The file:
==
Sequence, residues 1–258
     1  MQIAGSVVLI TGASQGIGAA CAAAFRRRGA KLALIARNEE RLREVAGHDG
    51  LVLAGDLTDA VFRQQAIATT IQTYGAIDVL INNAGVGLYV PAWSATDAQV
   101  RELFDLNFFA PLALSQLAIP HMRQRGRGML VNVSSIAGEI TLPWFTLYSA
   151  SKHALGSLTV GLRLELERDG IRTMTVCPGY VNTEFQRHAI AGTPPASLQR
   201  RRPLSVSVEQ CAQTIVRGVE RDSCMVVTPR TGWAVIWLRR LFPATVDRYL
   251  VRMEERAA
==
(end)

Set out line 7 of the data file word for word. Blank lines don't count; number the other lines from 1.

   251  VRMEERAA